Field set for Nov. 8 county elections
Henrico voters won’t have many choices to make in this year’s county elections, but the lack of competition in most local races will be countered by a wealth of it in three.
The races for the Henrico Commonwealth’s Attorney’s seat, the Varina seat on the Board of Supervisors and the Brookland seat on the School Board each feature three candidates, and five candidates are seeking spots on the Henricopolis Soil and Water Conservation District board. None of the other candidates for the Board of Supervisors or School Board face any challengers. Sheriff Mike Wade also is running unopposed.
The high-profile Commonwealth’s Attorney’s race became more crowded with the late entry of Democrat Shannon Taylor to the field. She joins Republican Matt Geary – who earned his party’s nomination and then refused to give it back when party leaders requested he do so, following his admission of an extramarital affair – and Virginia Delegate Bill Janis, a Republican in the House of Delegates who will run as an independent.
In the Varina District, five-term supervisor Jim Donati will face competition from Tyrone Nelson, the pastor of the Sixth Mount Zion Baptist Church in Richmond who finished second in a three-way race for the Varina seat on the School Board in 2007; and from Reese Haller, a retired Henrico Police sergeant who also challenged Donati in 2007.
Three candidates – Beverly Cocke, Herbert Dunford, Jr. and Darrell Jenkins – are seeking the Brookland School Board seat, which is being vacated by two-term board member Linda McBride.
Robert Brewster, II, Nicole Anderson Ellis, John Ficklin, Gilbert Miles, Jr. and Lynn Wilson are seeking spots on the Henricopolis Soil and Water Conservation District Board. Brewster is the only incumbent.
School Board, Brookland District
Cocke, Dunford and Jenkins all told the Citizen that they opted to seek the Brookland School Board seat in part because friends and acquaintances in the community encouraged them to do so. The fact that McBride, a two-term board member, opted not to seek re-election made their decisions a bit easier.
Cocke is a longtime PTA volunteer at Brookland District Schools who served as PTA president at Moody Middle once and PTSA president twice at Hermitage High. She also has served on the Historic Preservation Advisory Committee (HPAC) since 1999 and on the Henrico Christmas Mother Council since 1997, but it was her involvement as a volunteer for the massive school redistricting process several years ago that got her thinking about a possible School Board run.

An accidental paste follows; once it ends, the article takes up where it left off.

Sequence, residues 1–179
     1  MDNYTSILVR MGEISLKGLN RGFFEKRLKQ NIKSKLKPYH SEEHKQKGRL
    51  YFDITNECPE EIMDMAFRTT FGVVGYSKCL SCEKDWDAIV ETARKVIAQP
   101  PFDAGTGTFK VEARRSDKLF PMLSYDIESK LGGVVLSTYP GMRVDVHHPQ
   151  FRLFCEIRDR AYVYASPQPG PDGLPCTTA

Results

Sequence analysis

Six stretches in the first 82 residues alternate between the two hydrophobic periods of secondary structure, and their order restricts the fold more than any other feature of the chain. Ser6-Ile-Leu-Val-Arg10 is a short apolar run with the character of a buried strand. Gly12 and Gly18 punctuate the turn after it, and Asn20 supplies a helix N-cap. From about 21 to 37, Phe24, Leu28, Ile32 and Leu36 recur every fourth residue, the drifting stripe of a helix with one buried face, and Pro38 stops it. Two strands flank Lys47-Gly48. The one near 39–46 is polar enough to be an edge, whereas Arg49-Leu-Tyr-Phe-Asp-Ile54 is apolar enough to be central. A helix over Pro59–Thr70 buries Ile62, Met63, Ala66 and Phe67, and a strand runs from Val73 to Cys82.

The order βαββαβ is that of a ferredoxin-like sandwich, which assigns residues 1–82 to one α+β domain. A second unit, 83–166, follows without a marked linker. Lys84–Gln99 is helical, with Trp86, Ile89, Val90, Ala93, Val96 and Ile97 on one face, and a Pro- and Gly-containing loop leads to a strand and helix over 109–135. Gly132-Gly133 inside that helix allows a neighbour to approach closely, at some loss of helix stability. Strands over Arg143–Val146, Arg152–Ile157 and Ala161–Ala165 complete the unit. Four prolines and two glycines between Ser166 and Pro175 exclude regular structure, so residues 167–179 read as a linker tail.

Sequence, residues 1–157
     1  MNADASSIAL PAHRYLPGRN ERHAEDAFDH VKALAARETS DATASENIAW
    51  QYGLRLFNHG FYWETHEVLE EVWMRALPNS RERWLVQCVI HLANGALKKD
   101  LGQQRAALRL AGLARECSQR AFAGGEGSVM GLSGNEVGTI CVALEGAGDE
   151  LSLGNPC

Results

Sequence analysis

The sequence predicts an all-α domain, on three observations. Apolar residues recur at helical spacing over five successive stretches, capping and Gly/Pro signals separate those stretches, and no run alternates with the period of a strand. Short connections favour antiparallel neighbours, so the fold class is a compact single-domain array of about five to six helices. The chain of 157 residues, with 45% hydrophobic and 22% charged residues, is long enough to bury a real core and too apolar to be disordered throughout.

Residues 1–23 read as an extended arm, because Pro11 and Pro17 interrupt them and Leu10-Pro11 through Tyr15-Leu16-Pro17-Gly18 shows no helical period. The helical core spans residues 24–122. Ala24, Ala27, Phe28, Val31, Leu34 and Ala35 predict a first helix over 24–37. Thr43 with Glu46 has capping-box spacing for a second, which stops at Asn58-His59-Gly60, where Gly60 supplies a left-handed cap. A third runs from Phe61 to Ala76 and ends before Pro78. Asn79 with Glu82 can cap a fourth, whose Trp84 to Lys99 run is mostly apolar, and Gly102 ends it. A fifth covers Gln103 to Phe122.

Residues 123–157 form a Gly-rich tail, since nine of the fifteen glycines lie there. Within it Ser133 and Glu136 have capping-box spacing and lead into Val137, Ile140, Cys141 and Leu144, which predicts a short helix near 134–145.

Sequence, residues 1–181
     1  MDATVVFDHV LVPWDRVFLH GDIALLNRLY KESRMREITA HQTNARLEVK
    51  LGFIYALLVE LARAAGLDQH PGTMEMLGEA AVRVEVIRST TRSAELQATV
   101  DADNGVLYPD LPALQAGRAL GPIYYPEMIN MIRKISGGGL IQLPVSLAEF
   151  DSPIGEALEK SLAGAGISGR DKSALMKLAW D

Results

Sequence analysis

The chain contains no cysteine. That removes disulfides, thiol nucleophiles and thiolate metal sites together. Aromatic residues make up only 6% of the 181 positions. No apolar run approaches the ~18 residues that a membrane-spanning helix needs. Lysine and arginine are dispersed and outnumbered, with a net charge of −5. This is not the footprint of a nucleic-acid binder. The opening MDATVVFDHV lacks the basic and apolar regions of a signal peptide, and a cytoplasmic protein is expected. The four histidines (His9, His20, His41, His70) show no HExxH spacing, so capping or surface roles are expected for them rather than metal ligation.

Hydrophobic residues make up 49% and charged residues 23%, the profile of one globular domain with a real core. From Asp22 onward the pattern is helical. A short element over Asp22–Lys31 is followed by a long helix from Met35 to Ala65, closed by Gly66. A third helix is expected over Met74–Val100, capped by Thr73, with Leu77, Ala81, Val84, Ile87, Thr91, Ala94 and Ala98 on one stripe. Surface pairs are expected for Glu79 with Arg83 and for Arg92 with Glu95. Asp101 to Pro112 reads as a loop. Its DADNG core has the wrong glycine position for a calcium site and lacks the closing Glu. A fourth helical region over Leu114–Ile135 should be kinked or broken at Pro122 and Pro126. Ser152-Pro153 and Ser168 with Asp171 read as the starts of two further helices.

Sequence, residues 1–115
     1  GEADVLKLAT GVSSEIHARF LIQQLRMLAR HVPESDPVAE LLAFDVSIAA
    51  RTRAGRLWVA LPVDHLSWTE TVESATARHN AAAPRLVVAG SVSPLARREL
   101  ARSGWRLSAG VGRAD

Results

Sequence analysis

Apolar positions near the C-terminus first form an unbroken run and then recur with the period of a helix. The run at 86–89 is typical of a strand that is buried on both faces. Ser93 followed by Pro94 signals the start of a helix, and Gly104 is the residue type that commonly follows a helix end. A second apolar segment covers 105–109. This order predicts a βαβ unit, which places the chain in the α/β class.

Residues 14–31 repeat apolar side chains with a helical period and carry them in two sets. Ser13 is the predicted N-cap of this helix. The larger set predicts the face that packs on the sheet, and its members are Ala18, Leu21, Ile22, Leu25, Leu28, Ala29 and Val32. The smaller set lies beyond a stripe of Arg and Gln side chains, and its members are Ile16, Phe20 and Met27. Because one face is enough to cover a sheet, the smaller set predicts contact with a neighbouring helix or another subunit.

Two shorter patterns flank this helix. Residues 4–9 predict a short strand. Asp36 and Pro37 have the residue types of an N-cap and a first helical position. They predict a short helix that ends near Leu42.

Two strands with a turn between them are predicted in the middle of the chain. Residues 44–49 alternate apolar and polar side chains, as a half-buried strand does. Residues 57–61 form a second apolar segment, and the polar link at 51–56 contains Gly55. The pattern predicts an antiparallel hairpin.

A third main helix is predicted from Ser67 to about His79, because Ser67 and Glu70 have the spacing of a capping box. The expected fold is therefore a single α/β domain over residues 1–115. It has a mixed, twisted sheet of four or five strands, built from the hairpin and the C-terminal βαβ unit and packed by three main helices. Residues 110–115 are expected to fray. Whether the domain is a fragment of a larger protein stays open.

"We spent over 100 hours working on that plan," she said. "That was a turning point for me to see that possibly I could help even outside of the Brookland District."
Cocke said she would advocate for manageable class sizes, health and safe school environments and the increased utilization of public-private partnerships in schools to help fund programs that face budget cuts. She helped foster one such partnership at Hermitage that allowed the PTA to restore a prom night party for students.
Her promise to constituents if elected, she said, would be "the three As – able, accountable and accessible." While applauding the work of the current board, Cocke said there are still areas that need improvement.
"If Chesterfield County can have a 96 percent graduation rates, then we can certainly improve from 90 percent," she said.
As a member of HPAC, Cocke worked to create the Henrico Historical Awareness Project with the school system, which instituted a Henrico history segment into fourth- and fifth-grade education. Fifth-graders now take an entire section of county history.
Cocke is a fifth-generation resident of the Brookland District whose grandfather, E.Q. Hunter, served on the Henrico School Board in the early 1930s when it hired George Moody as superintendent. She and her husband have four children, the youngest of which will be a senior at Hermitage this year.
"Nobody knows this district like I do, and nobody has worked for these children the way I have," she said.
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Dunford, an administrative official for Martin's (formerly Ukrop's) for more than 30 years, has served on the Henricopolis Soil and Water Conservation District Board for the past quarter-century and as chairman of the board for 17 years.
In that capacity, he has worked to implement various educational programs in Henrico schools related to Earth Day, Arbor Day and other environmental issues. He helped created a scholarship fund for high school seniors fund from a successful HSWCD project eight years ago that has since contributed more than $17,000 to students.
He said he hadn't considered the idea of seeking a School Board seat until sitting at his niece's graduation from J.R. Tucker this summer and wondering, "What can we do to make things even better for our students?"
Dunford's experience managing the budget of the HSWCD for years would prove invaluable were he to join the School Board, he said.
"I think that gives me a little more insight on things that need to be dealt with on the School Board," he said.
While talking with Brookland District residents recently, Dunford said he's been surprised by how many he's met homeschool their children.
"Some folks pulled their kids out because they are just frustrated with what they see in schools," he said. "Henrico County's got a good school system, but like anything else there's always room for improvement."
Dunford said he would work to ensure students have safe learning environments in schools. He also said he'd try to involve the community in the school system – even those who didn't have students in schools.